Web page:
SAN FRANCISCO—Oracle Corp. Chief Executive Larry Ellison paid $3.9 million in 1988 for a home in this city’s posh Pacific Heights neighborhood with sweeping vistas of San Francisco Bay. Now his view isn’t quite as sweeping—and that’s turning into something of a scene.
Mr. Ellison’s neighbors, Bernard and Jane Von Bothmer, purchased a $6.9 million home down the hill from the software mogul’s place in 2004. In the ensuing years, the Von Bothmers let the trees in their expansive backyard grow. Three redwoods and an 80-year-old acacia have since risen by several feet.
Mr. Ellison, 66 years old, is displeased by the taller greenery—very much so.
In a trial set to begin June 6, the billionaire plans to take the Von Bothmers to state Superior Court in San Francisco over how the trees have obstructed his floor-to-ceiling window views of San Francisco Bay. The court date follows a lawsuit Mr. Ellison filed last June alleging he will suffer “irreparable injury” from lost property value if the court doesn’t make the Von Bothmers cut their trees in order to “restore Plaintiff’s views and sunlight.”
The situation has become a full-blown spectacle. Mr. Ellison hired an attorney who specializes in “tree and neighbor law” to duke it out with the Von Bothmers. In a deposition, Mrs. Von Bothmer alleges she once caught workers hired by the Silicon Valley tycoon strapped into her redwoods, prepared to cut the trees without permission—a charge Mr. Ellison has said he doesn’t believe is true.
Amid the dispute, Mr. Ellison once offered the Von Bothmers as much as $15 million to sell their property to him, an offer the couple rejected, according to attorneys for both sides.
The root of the problem: Mr. Ellison “wants a pristine view, and they want their privacy,” says Marie Hurabiell, an attorney for the Von Bothmers.
Mr. Ellison would only speak through his tree attorney, Barri Bonapart, who says the CEO wants his views restored to what he has enjoyed since buying the five-bedroom, 10,742-square-foot residence more than 20 years ago.
The Von Bothmer’s green canopy has grown to block a swath of Mr. Ellison’s view from the third-level living room of his four-level home, Ms. Bonapart says. She adds that the Oracle chief uses the contemporary-style abode—one of his six residential properties—for entertaining and plans to spend more time there during the 2013 America’s Cup yachting race that he is bringing to San Francisco.
Mr. Ellison isn’t the first celebrity to get into a row over greenery. Home decorating mogul Martha Stewart famously scrapped with one neighbor over shrubbery he grew between their homes in East Hampton in 1995.
In San Francisco, tree disputes often break out because the city is both hilly and wooded, resulting in blocked views for some. In 1988, the city passed a “Tree Dispute Resolution Ordinance” requiring a complainant to seek “initial reconciliation” with the tree owner, file a “tree claim” if that doesn’t work and, if necessary, submit the dispute to “binding arbitration.” If all else fails, the dispute can go to court.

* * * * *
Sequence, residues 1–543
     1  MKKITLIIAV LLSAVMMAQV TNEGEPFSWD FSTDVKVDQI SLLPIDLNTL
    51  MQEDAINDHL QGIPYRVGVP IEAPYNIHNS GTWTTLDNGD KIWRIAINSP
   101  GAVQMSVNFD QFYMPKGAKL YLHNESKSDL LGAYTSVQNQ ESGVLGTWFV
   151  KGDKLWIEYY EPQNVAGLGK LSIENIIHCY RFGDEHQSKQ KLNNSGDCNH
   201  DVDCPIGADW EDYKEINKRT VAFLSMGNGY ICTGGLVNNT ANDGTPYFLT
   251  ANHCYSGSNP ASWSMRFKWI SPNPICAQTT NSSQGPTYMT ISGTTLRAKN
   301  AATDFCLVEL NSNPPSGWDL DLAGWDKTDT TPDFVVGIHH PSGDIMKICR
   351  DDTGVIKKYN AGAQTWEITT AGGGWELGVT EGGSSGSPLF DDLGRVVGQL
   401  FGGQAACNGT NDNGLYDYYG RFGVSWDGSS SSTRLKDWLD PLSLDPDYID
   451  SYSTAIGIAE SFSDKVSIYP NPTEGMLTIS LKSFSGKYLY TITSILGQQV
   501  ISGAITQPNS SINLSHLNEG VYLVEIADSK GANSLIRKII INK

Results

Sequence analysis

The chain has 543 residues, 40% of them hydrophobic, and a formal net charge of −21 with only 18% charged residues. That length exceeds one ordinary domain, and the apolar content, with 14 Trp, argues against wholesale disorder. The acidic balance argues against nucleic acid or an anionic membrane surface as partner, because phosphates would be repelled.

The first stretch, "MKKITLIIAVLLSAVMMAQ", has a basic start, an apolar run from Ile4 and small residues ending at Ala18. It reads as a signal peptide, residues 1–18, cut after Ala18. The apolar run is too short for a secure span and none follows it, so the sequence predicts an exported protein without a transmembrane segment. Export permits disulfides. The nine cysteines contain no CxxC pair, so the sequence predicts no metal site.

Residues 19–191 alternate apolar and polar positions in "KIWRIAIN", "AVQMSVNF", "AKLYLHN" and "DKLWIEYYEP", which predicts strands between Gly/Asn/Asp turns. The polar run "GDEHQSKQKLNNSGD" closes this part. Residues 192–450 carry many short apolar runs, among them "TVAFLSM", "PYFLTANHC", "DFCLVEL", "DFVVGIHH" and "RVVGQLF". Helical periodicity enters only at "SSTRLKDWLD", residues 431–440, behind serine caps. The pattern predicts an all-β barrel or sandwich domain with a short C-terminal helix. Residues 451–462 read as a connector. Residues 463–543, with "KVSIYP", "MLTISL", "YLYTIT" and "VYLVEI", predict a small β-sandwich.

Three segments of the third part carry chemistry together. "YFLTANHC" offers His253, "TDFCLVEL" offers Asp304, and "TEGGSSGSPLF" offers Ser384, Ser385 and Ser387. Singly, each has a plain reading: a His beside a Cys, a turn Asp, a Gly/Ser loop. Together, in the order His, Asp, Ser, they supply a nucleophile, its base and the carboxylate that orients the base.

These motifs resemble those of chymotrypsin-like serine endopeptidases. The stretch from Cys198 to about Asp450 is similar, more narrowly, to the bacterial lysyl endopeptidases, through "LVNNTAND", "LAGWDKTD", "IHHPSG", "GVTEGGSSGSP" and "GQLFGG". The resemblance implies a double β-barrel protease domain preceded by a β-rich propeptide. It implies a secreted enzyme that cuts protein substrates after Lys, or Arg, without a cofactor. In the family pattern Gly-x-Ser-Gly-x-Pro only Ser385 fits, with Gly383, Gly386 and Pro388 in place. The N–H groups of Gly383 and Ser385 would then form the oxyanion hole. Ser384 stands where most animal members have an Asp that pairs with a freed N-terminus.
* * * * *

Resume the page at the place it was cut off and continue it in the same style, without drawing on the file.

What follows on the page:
According to Ms. Bonapart, the previous owners of the Von Bothmer home, David and Jan Sargent, agreed to Mr. Ellison’s request to keep the tallest trees on the property trimmed so as not to obstruct his views.
Mr. Sargent, a real-estate developer from Sausalito, Calif., says they made no such agreement.
When Mr. Sargent’s home went on the market in 2004, Mrs. Von Bothmer fell in love with its backyard of about 40 trees and shrubs. Mr. Von Bothmer, 44, a college history professor and son of the late Dietrich Von Bothmer, who was curator of New York’s Metropolitan Museum of Art, also liked the home’s central location.
Over the next few years, the Von Bothmers discovered severed branches and other signs that their four tallest trees, including an approximately 80-year-old acacia, were being “topped,” or cut indiscriminately without permission, says Garth Drozin, another attorney for the Von Bothmers.
On June 2, 2006, Mrs. Von Bothmer and a handyman caught three workers in her redwoods preparing to cut tree limbs, according to Mrs. Von Bothmer’s testimony in her deposition. Believing they worked for Mr. Ellison, she confronted a manager at his home, Mr. Drozin says.
“There was an apology and a promise this wouldn’t happen anymore,” Mr. Drozin says.
In a 207-page deposition transcript from testimony given on April 8, Mr. Ellison said he never asked anyone to cut the trees. He added “there was no chance” one of his workers would have done so “because I would fire them instantly,” according to the deposition. “You know, I don’t do things like that. I’m a public figure.”
Mr. Ellison added that he didn’t believe trespassing had occurred, though he said “on one occasion” a worker stood on the retaining wall of his property to cut a limb from a Von Bothmer tree “that was coming over onto our property, and he was strapped in the tree.” In the deposition, Mr. Ellison said the “Von Bothmers complained and we stopped instantly, though we think we have the full right.”
From 2008 to 2009, Mr. Ellison exhausted tree-dispute protocols before filing suit, Ms. Bonapart says. Mrs. Von Bothmer, meanwhile, fired back this year by seeking to get her acacia—a non-native species to California—protected as a “Landmark Tree” by the city of San Francisco. That request is pending.
With the June 6 trial looming, both sides have met in settlement talks, though there hasn’t been a resolution.
Mr. Ellison has resolved a tree issue with another neighbor, though. In that instance—at Mr. Ellison’s principal residence in Woodside, Calif.—a neighbor complained after he planted some redwoods near their property lines.
“She said those trees would eventually grow and block her view,” Mr. Ellison said in his deposition. “So we removed the trees.”